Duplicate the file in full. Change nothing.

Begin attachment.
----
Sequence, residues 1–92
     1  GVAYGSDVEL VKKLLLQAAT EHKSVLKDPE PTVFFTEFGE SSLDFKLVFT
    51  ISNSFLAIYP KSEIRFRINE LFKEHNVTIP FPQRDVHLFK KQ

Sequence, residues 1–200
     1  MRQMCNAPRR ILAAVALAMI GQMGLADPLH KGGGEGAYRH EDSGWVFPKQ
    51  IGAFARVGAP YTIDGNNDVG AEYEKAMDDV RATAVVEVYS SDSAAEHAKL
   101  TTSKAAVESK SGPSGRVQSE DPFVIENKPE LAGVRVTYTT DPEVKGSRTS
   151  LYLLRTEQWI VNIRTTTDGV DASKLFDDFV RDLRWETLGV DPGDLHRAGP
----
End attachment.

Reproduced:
Sequence, residues 1–92
     1  GVAYGSDVEL VKKLLLQAAT EHKSVLKDPE PTVFFTEFGE SSLDFKLVFT
    51  ISNSFLAIYP KSEIRFRINE LFKEHNVTIP FPQRDVHLFK KQ

Sequence, residues 1–200
     1  MRQMCNAPRR ILAAVALAMI GQMGLADPLH KGGGEGAYRH EDSGWVFPKQ
    51  IGAFARVGAP YTIDGNNDVG AEYEKAMDDV RATAVVEVYS SDSAAEHAKL
   101  TTSKAAVESK SGPSGRVQSE DPFVIENKPE LAGVRVTYTT DPEVKGSRTS
   151  LYLLRTEQWI VNIRTTTDGV DASKLFDDFV RDLRWETLGV DPGDLHRAGP